Central tendency is the inclination of managers to rate all their subordinates with an “average” score during performance appraisal. For instance, if the rating scale was from 1-7, the managers would leave out the extremes i.e. 1,2,6,7 and rate all the employees with a score between 3-5.
This behaviour leads to the distortion of the purpose of evaluations as it does not reflect the employees’ true performance. Furthermore deserving candidates can be overlooked upon and underperforming candidates may be rated higher than their true potential. Consequently the subordinates will not get a clear view of their strengths and weaknesses and may remain stagnant.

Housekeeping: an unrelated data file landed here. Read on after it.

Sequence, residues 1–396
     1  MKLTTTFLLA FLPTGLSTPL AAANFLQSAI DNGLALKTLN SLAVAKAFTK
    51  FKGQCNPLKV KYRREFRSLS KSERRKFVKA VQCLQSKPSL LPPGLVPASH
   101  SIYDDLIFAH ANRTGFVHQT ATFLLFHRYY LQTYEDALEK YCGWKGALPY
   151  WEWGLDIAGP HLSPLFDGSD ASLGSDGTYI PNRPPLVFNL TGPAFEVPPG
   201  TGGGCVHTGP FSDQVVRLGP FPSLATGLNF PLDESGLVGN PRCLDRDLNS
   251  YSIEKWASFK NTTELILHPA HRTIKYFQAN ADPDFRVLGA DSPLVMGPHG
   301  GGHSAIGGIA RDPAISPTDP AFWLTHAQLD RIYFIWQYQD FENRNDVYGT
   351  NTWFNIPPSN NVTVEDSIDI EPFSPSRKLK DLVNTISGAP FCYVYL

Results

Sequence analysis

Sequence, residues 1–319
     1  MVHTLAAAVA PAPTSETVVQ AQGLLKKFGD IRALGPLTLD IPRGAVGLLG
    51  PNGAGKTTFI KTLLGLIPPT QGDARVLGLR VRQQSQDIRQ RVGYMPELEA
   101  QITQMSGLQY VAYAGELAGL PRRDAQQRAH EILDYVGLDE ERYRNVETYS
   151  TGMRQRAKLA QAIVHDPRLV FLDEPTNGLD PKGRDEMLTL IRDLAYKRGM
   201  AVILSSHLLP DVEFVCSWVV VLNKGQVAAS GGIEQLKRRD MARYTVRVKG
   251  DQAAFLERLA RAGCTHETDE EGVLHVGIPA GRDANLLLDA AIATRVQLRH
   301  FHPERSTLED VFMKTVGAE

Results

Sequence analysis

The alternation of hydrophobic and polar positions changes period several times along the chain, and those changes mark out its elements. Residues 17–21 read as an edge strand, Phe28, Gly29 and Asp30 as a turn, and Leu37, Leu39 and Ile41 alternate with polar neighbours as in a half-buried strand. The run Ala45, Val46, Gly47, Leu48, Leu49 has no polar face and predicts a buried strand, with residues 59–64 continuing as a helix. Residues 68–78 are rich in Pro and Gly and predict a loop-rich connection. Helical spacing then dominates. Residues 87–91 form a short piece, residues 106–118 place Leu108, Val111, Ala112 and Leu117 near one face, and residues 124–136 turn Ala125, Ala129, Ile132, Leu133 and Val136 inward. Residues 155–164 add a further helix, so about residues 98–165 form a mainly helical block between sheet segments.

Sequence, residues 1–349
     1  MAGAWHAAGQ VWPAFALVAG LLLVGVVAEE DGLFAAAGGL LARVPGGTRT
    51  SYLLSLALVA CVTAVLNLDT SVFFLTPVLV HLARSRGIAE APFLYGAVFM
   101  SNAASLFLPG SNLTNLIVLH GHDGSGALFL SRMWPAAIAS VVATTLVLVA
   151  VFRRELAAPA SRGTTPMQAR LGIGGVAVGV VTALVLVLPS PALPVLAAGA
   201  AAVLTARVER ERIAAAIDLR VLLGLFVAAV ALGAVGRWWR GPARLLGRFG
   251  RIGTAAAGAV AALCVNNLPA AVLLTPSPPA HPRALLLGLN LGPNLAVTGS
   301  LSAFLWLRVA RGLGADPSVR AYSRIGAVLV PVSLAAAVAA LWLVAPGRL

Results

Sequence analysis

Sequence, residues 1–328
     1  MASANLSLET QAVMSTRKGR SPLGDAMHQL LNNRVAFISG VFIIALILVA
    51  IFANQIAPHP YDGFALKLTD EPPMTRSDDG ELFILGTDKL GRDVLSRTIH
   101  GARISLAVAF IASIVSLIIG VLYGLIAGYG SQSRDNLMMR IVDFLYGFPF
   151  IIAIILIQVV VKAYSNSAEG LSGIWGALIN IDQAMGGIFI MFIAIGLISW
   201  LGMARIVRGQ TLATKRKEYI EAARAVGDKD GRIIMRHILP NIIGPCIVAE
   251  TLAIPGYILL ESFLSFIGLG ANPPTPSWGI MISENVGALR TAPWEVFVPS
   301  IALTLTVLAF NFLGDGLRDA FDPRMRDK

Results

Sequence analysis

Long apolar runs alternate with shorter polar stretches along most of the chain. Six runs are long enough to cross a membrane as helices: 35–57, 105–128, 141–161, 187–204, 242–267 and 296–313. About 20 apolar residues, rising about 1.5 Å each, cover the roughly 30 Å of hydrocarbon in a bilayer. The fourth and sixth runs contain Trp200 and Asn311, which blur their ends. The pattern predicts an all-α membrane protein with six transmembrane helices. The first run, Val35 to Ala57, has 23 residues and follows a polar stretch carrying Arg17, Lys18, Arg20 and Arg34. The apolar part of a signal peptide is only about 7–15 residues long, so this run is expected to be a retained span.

Central tendency bias can be avoided by providing the rater with a shorter scale such as 1-3 or by using the ranking method since all employees cannot be given the same rank.
Due to central tendency, sometimes an error occurs which is known as the central tendency error. The impact of the central tendency error increases with increase in rating scale size – but shorter rating scales are also less exact.